P. 177, 1. 12. See note to page, 89, 1. 1.

P. 178, 1. 24. This letter was written by Mr. Hughes, of whom an account is given in the Introduction, page xxiv.

P. 179, 1. 17. The opera of Almahide, of which the music is attributed to Buononcini, while the story is probably founded on Mdlle. de Scudéry's romance of the same name, was produced in 1710, and was the first work performed entirely in the Italian language on the English stage. Nicolini, who had made his first appearance in England shortly before, in the partly English partly Italian opera of Pyrrhus and Demetrius, sang a soprano part in Almahide. The female parts were taken by Margarita de l'Epine and Isabella Girardeau. (Sutherland Edwards' History of the Opera.) I do not know on what authority Prof. Morley, in his edition of the Spectator, states the name of the bashful débutante to have been Mrs. Barbier.'

P. 180, 1. 17. Il. i. 225:

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'O monster! mix'd of insolence and fear,

P. 181, 1. 10.

Thou dog in forehead, but in heart a deer !'-POPE.
Seneca, Epist. Moral. i. 11.

P. 182, 1. 5. Out of all the honours decreed to him by the senate and people, there was none that Cæsar more gladly accepted and used than the privilege of continually wearing a laurel crown,' in order to hide his baldness. Suetonius, De Vitâ Cæsarum, i. 45.

P. 183, 1. 3. Similar meditations, aided by a more exact knowledge of facts, led Mr. Malthus, a hundred years later, to somewhat different conclusions. 1. 23. A story in many respects similar is told of St. Bruno, the founder of the Carthusian order.

P. 184, l. 1. Dr. Sherlock (1641-1707) preached and wrote vigorously in favour of passive obedience under Charles II, and refusing to take the oaths after the Revolution, was suspended from all his offices of emolument. While under suspension, he wrote the work mentioned in the text, 'A Prac

tical Discourse on Death; ' it has passed through some forty editions. Before the end of 1690 he had decided to conform to the new Government. Of the circumstances attending this tergiversation, and of the controversy to which it led, Lord Macaulay has given an amusing account in his History, vol. iii. pp. 102, 253.

1. 19. See Meineke's Fragmenta Comicorum Græcorum, vol. iii. p. 29. The lines which Addison translates are a fragment of the lost play of Aphrodisius, by Antiphanes, a writer of the Middle Comedy, who did not live a 'hundred years before,' but at the same time with Socrates or rather later.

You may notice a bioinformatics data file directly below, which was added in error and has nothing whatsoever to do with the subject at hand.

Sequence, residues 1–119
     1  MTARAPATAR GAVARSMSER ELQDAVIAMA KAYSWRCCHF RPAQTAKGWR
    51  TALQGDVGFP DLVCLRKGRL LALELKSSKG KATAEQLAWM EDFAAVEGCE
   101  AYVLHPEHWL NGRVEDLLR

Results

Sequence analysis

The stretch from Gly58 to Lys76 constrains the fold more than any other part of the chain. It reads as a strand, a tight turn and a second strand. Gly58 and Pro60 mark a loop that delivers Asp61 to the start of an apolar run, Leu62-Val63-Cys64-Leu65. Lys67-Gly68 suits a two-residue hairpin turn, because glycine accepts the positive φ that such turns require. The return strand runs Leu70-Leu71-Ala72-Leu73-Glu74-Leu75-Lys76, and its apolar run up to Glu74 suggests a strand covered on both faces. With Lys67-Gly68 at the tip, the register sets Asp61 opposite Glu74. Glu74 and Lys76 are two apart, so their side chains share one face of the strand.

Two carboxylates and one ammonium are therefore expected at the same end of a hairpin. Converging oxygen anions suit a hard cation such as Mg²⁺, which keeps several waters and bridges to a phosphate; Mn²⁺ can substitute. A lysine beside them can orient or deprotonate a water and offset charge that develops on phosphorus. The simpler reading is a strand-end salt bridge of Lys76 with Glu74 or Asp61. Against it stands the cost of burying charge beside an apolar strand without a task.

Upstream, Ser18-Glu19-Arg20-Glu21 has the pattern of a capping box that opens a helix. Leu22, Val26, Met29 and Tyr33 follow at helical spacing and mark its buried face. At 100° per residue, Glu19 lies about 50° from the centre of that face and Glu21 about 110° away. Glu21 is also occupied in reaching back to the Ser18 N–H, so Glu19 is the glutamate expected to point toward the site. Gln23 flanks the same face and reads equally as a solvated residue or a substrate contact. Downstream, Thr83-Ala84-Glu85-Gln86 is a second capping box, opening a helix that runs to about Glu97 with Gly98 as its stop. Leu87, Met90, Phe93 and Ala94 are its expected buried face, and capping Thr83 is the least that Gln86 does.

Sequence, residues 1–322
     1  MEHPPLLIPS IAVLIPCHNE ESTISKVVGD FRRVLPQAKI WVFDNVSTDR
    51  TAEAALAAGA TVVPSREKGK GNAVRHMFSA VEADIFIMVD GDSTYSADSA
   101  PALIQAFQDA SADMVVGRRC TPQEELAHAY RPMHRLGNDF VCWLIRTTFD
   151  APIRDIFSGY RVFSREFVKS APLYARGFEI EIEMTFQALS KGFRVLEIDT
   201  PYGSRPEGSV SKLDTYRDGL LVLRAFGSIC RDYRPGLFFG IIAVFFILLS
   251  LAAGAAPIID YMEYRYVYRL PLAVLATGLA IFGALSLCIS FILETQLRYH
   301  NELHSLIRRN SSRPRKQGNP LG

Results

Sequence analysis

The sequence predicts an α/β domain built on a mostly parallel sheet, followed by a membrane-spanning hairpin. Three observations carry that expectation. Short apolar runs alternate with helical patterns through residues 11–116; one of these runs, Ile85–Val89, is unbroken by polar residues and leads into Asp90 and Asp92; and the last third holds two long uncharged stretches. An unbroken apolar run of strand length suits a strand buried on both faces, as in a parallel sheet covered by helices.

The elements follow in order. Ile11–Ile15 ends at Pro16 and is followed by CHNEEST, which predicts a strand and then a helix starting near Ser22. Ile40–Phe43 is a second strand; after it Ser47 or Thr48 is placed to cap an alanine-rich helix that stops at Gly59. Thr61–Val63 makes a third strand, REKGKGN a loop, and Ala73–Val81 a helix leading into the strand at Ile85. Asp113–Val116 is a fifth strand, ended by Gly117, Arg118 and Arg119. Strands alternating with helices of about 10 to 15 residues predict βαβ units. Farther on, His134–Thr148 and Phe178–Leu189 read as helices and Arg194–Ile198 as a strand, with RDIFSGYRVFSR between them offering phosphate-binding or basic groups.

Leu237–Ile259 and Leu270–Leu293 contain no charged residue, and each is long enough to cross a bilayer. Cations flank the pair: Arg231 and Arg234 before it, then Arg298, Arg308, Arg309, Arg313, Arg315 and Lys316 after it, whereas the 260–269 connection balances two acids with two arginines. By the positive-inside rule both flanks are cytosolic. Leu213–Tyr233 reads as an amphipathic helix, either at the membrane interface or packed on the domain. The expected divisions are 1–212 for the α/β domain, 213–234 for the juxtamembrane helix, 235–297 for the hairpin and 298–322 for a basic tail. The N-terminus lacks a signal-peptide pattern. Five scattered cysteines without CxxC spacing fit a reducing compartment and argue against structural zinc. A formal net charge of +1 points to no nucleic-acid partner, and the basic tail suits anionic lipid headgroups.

1. 32. In the Travels of Sir John Chardin into Persia and the East Indies ' (1686), I can find no such anecdote as that quoted by Addison.

P. 185, 1. 20. The Epistles of Phalaris were believed in the time of Addison to be the genuine work of the tyrant of Agrigentum; it was reserved for Bentley, in his masterly Dissertation, to demonstrate that they were the forgery of a later age.

P. 186, 1. 8. Epaminondas, the great Theban, who broke the power of Sparta, and the Athenian generals Chabrias and Iphicrates, flourished in the first half of the fourth century before Christ.

1. 21. The witty St. Evremond (1613-1703) exiled by Louis XIV for the freedoms of his bitter tongue and satirical pen, repaired in 1662 to the court of Charles II, was well received there, and lived to the end of his days, which were prolonged to ninety years, in England.

1. 38. Who put his beard out of the way as he was laying his head on the block, saying pleasantly to the headsman, that it at least had never committed treason.

P. 187, 1. 29. This expedition of King Sebastian (the subject of Dryden's finest play) took place in 1579. He was killed after the battle; but rumour averred for many years afterwards, and the Portuguese people readily believed, that he had escaped with life from the battle, and would some day return to restore to Portugal her old prosperity.

P. 198, 1. 12. A Greek word signifying divine vengeance or retribution. 1. 27. A sword with one sharp edge.

P. 200, 1. 3. This story told of Diagoras by Cicero in the De Natura Deorum, iii. 37. Addison might also have found it in Bayle's Dictionary.

1. 25. Addison, though few men had a more capacious memory, sometimes trusted it too far. The name of the young Greek mentioned in the well known story of Herodotus (i. 31) is not Clitobus, but Cleobis.

P. 201, I. 10. A note in Tegg's edition of the Spectator, taken probably from Bishop Percy, names one Anthony Henley as Addison's informant, and Dr. Thomas Goodwin, President of Magdalen College, Oxford, during the commonwealth, as the Independent minister here referred to. Upon what authority this statement rests, does not appear. Two other Independent ministers, John Owen, Dean of Christ Church, and Thankful Owen, President of St. John's, were heads of Oxford Colleges at the same time with Goodwin; however the circumstance of the half-dozen night-caps' agrees so well